By Ron Merk
Most of us tend to put off decisions, to procrastinate about so many things, even when they are important. It’s just part of our nature… maybe something that goes back to the days where we didn’t have lists of things to do (our childhood?) and when nothing seemed important enough to break our routine and do something else. But this is not the time to put off making a decision to attend The Mill Valley Film Festival. Many tickets are already at rush (that means most have been sold, but a few are being held for the day of the show and for pass-holders). Unless you have already bought a ticket, you could line up to get those last remaining seats, and be disappointed. Don’t be disappointed.
These are hot tickets. Don’t get burned by procrastination. Check out the festival schedule, go on line, and grab those seats while they are still empty and reserve your spot at the films that intrigue you. Some of these films may not be seen outside of the festival, so this may be your only chance to see them.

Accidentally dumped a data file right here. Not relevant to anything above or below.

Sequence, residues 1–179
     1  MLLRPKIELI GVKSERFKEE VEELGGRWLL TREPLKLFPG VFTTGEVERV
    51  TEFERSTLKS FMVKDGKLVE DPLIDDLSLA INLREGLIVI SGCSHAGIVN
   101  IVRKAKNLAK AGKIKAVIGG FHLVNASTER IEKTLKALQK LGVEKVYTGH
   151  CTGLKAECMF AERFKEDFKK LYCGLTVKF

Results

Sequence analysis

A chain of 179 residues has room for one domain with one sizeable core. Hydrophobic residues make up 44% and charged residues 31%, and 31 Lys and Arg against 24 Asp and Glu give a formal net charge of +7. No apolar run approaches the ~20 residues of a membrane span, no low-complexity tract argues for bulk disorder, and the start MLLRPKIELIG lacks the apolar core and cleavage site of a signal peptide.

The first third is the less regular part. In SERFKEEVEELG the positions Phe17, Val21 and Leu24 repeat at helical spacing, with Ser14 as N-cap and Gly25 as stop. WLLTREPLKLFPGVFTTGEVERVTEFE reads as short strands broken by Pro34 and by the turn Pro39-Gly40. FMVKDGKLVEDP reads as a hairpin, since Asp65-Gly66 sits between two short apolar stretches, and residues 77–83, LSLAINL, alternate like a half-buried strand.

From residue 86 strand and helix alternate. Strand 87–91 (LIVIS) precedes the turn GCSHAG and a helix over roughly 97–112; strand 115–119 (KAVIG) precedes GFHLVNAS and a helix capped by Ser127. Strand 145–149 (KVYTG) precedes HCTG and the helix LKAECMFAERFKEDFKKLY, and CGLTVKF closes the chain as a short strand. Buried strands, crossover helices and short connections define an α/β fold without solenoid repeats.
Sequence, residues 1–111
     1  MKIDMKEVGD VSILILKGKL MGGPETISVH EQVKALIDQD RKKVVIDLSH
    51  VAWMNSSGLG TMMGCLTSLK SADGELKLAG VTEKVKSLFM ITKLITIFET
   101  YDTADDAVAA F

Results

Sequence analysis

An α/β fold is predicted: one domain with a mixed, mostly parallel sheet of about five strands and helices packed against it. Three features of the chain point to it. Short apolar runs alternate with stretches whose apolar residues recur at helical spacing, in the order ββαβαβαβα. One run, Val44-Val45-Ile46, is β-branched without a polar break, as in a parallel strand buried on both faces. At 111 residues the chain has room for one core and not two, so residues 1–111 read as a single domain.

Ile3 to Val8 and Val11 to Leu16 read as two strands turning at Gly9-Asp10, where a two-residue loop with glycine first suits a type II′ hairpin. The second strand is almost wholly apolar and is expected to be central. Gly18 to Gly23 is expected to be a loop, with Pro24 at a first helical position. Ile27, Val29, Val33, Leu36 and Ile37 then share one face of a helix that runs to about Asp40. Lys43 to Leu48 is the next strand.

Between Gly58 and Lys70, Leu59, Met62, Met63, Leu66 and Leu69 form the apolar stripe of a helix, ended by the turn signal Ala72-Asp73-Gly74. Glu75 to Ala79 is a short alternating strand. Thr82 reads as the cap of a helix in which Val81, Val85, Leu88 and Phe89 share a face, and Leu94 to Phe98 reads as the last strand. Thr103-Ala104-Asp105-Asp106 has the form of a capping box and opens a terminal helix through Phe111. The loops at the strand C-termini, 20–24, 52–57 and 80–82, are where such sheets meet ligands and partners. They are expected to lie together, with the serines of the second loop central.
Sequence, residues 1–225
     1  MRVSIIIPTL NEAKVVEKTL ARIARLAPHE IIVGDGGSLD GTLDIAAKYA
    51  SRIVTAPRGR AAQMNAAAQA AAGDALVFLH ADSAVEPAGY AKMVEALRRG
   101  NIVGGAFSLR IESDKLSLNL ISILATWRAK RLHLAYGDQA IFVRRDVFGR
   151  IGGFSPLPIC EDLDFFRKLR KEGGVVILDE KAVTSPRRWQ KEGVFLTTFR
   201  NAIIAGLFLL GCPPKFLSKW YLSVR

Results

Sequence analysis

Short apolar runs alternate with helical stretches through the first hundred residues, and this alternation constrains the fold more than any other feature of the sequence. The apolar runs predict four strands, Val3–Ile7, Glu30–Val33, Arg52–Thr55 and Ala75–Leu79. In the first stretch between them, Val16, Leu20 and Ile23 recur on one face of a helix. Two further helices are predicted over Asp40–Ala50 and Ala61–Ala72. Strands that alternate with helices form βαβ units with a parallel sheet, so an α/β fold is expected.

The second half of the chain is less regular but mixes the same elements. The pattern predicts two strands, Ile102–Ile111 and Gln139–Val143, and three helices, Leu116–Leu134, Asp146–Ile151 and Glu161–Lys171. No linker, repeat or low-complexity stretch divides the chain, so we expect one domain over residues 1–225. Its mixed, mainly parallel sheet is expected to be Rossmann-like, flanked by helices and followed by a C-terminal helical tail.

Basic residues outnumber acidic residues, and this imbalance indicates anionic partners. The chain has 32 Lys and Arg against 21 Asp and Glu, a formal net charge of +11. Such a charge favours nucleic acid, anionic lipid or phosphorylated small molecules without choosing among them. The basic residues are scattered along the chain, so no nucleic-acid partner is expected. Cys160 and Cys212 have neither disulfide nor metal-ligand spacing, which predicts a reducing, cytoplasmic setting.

I’ve been attending this festival since I moved to the Bay Area in 2003. It’s one of the best festivals I’ve ever attended, and I’ve attended many all around the world. Their attention to detail, especially their respect for audiences, is unmatched elsewhere. The programming is unique, the Q&A sessions after the films are informative, and the social events make you feel you’re truly part of the festival in a very personal way.
The festival begins in just a few days, so there’s little time to waste if you don’t want to be disappointed. The 37th Mill Valley Film Festival runs from October 2-12, 2014, and presents films at a number of venues.
For more information, go to the festival website.
The website is easy to read, full of interesting information about the films, the stars and the filmmakers. This is a popular event, with people coming from all over the Bay Area, as well as the rest of the USA and the world. It’s a unique opportunity to meet new people, see great films, and walk away with a new perspective on something you thought you already understood. If that isn’t the definition of a film festival’s reason for being, I can’t think of a better one, or a better definition of what the Mill Valley Film Festival has been doing for 37 years.